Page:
We preflighted the bird and warmed her up. All was in readiness. Suddenly the trucks with the monkeys arrived. We checked out of our "Hotel" and got ready to go. An impasse developed. The immigrations man did not want to give up the passports. He started talking about writing a letter to determine if our permit to enter was valid. He knew we were in a sweat to get out. Next, he offered to change the local currency for dollars. The local currency was worthless and everybody knew it. An exchange rate was agreed on and we bought a bunch of rupees for dollars. At the same moment, the immigrations man discovered that our "Permit to Enter" was indeed valid. He could see no reason to hold us longer. We got our passports and scuttled back out to the airplane as quick as possible.

It seemed that the tone at the fences was changing. People were murmuring, growing louder each passing minute. Finally, the last of the crates were loaded and tied down. The loaders outside made it look like there were more to be loaded. We fired up 2 engines. The trucks pulled away and we taxied out on 2 and started the other 2 while going hell-bent for the runway. The check list was rattled off and away we went. All I could think of was that horde coming thru the fences and making a grease spot out of some non-believers out there on the ramp.

Now, the stench and the brown liquid "sweat" started dripping down off the ceiling. No way to stop the drip. We just had to sit there and soak up the stink. The DC-4 had a hatch in the rear bulkhead, plus an external hatch cover that we removed on later monkey flights. In flight, a suction was created something like a giant vacuum cleaner. The improved airflow saved a lot of monkeys and cut down on the drip up in the cockpit. The 2 animal handlers lived in the cabin with the monkeys for the entire trip. They cleaned, fed and watered the whole way and as I say, I don't know how they were paid but it seems they were docked pay above a certain number lost. The stench was so bad that these guys hit the bottle real hard. It was the only way they could "immunize" themselves, so they said. I don't know about immunization, but I can say for sure these guys were preserved in alcohol!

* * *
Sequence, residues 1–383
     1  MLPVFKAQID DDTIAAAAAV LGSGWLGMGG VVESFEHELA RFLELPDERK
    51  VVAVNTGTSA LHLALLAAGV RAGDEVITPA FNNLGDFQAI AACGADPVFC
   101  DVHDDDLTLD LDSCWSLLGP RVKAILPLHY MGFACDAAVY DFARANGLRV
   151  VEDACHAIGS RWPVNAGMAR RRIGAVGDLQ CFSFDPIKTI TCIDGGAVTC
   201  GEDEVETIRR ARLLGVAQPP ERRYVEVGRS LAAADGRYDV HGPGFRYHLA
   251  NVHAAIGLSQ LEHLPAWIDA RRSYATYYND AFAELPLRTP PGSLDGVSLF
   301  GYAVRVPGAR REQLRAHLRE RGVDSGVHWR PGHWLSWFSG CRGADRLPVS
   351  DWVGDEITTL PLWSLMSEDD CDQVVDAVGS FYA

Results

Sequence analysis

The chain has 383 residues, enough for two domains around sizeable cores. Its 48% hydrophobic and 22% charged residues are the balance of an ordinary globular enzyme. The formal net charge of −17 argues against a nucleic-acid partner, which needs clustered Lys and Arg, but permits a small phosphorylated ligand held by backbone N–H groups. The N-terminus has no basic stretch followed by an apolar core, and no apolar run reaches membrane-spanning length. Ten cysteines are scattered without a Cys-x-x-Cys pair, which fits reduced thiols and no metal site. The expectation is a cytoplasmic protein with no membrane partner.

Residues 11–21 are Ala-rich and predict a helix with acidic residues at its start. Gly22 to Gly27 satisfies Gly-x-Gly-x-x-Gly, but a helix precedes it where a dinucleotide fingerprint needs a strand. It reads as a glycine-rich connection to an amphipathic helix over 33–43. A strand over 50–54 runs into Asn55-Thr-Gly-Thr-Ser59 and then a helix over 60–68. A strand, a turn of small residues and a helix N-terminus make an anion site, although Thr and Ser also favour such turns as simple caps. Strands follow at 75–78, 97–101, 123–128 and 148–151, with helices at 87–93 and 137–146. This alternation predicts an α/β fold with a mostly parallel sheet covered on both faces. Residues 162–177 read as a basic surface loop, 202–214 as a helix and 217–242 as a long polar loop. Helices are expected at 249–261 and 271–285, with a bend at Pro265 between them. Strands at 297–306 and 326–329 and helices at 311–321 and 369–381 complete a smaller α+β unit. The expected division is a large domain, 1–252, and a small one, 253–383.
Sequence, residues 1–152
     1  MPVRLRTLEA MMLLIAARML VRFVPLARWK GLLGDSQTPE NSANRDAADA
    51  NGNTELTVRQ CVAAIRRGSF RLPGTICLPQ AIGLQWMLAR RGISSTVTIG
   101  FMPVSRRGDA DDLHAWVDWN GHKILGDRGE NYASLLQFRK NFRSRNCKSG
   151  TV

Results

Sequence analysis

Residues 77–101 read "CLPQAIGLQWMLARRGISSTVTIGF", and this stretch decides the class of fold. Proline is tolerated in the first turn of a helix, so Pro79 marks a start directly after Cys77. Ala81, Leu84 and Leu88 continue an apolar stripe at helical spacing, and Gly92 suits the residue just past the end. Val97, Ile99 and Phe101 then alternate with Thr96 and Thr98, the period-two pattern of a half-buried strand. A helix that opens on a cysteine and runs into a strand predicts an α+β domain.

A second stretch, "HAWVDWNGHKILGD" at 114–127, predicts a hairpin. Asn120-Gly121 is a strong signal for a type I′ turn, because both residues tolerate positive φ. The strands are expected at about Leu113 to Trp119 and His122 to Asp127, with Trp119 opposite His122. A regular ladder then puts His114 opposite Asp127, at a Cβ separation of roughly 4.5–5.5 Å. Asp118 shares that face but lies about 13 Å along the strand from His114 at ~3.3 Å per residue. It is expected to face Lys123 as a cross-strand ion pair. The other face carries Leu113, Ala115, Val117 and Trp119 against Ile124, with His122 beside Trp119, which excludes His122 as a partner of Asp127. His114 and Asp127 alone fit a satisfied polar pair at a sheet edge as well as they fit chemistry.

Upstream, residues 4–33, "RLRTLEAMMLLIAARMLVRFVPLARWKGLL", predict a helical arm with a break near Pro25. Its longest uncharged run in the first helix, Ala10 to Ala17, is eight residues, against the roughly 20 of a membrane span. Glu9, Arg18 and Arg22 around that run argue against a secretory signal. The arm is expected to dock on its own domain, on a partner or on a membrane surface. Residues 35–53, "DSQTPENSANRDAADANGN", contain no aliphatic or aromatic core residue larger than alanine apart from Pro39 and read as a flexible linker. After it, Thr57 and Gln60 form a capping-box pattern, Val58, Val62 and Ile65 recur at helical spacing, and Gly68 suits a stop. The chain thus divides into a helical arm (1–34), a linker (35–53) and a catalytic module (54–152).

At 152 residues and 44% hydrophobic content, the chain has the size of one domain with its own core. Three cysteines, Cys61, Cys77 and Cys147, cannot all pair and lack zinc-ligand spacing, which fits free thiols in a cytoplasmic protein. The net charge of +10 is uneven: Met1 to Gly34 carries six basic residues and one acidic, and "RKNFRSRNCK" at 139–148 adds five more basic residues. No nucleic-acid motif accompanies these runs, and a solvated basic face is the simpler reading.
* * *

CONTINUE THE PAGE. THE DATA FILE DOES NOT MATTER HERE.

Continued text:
At Beirut, they laughed when we tried to exchange the rupees back to dollars or anything else. The money changers told us they were more or less worthless outside of Pakistan and the only thing to do with them was to give them to the next crew and buy a brass tray or something. No hard-headed moneychanger would give a nickel for a bundle of the stuff. In the end the company made good our loss.

Going into a terminal to eat on a return monkey trip, the crew would always find they had cleared a wide swath around themselves in the restaurant. People would simply rise up with a strange look on their faces and move as far away as they could get or even leave the restaurant.

We were what Seaboard called a "multiple crew." Enough people up front to go the whole route without a crew rest or crew change. These were grueling flights. A multiple crew on a monkey flight was even more jammed up because nobody wanted to go aft.

It took at least two showers with strong soap to become presentable. But, even after that you would still think you could smell it a week later.

After a good run with all the standard fuel stops such as Rome, Shannon, and Gander, we were at last nearing New York. In those days, the airport was called Idlewild. We had a solid undercast. You couldn't see anything but clouds below. The captain told me to warn the animal handlers that we would soon be landing and for them to make sure everything was shipshape back there for inspection by the Dept. of Agriculture and the Medical inspectors. This was the signal for the handlers to get everything as clean as possible and above all to get rid of any dead monkeys.

The dry cleaner would only take in my cleaning when he was ready to throw out an old, well used, batch of dry-cleaning fluid.

A dead monkey found on landing by the Agriculture man or the Health man meant an automatic quarantine. The aircraft could not be unloaded, the crew released or the airplane released until an autopsy determined cause of death. This might take some time and was to be avoided, if possible. Hence, the in-flight furious "housecleaning" near the end of every trip. This was usually done over water. This day however, our handlers were well into their cups and things went slower than usual. Towards the end of the cleanup, we were no longer over water, but over Long Island headed west for Idlewild. Our handlers found a dead monkey in one of the cages. They tossed the body overboard, not realizing we were over land. We landed at Idlewild and had an uneventful clearance with a clean bill of health. Our part of the journey was done.

Even years after their last flight, an old "monkey airplane" could be detected when ever you were down wind from one.

The following day I was catching up on the news, reading Newsday, the Long Island newspaper. I spotted a blurb about a strange incident that had taken place yesterday out in Sayville, Long Island. It seems a housewife who was busy doing the family laundry, received the fright of her life. She had just hung out a batch of laundry on the clothes line and was returning with a second batch. There hanging on her clothes line twisted up in her bed sheets, eyes popping, mouth agape as if gasping for air, was what appeared to be an E.T. monster from outer space. Of course the police were called and the space monster was found to be a dead monkey. It was put down as some kind of a sick prank by some neighborhood youths. We never let on any different.

Originally published in SPAR newsletter, June, 1997